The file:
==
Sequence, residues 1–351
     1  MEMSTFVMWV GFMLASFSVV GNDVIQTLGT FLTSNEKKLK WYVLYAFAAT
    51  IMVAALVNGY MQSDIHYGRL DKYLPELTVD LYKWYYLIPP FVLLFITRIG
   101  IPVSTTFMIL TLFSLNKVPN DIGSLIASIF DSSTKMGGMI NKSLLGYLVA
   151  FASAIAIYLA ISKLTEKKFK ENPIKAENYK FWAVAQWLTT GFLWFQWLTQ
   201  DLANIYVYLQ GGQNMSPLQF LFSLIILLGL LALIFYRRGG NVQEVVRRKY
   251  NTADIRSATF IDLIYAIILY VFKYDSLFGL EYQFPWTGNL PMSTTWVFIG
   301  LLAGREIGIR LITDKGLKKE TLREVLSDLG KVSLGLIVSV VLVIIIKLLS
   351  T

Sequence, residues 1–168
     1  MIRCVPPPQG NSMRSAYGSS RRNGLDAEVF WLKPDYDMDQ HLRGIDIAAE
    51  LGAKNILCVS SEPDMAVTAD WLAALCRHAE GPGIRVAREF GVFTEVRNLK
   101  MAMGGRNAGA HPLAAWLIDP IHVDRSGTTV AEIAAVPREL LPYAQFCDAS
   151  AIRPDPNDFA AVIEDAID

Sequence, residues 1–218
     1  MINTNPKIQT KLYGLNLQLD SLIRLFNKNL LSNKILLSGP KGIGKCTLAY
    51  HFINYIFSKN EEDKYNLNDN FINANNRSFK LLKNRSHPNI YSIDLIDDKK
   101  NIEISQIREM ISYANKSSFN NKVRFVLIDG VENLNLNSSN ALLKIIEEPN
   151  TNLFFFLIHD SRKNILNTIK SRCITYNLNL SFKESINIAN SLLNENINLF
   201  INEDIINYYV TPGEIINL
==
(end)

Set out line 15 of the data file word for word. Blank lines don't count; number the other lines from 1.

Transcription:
Sequence, residues 1–218